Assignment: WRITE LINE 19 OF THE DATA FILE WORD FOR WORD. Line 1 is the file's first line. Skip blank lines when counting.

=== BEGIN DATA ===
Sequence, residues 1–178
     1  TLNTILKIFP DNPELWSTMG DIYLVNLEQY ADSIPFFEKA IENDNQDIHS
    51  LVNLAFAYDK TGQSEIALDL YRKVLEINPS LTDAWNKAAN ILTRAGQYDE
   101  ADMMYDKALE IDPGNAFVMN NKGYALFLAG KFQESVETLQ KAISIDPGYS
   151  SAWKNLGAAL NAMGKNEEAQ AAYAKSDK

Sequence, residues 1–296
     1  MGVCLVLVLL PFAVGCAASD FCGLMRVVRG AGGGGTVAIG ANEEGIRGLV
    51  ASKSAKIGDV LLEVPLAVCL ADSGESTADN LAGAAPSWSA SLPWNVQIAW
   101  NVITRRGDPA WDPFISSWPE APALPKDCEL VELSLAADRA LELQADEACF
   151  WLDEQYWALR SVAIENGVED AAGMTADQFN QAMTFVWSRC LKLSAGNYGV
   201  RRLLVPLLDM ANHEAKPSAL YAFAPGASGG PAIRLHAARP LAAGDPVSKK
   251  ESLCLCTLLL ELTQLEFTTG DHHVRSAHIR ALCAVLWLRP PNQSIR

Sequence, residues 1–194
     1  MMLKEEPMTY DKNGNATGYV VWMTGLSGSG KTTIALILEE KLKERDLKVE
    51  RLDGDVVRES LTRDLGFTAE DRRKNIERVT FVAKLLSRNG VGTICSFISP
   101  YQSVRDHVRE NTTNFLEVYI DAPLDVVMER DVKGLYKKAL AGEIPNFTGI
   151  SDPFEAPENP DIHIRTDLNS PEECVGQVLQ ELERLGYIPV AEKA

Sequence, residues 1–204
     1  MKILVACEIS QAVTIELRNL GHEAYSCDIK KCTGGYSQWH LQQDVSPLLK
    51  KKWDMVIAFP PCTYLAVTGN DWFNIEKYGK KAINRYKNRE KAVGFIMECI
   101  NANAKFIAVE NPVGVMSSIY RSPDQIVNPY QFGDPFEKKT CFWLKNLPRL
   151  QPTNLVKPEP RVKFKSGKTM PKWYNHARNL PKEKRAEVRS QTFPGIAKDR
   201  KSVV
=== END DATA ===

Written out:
     1  MKILVACEIS QAVTIELRNL GHEAYSCDIK KCTGGYSQWH LQQDVSPLLK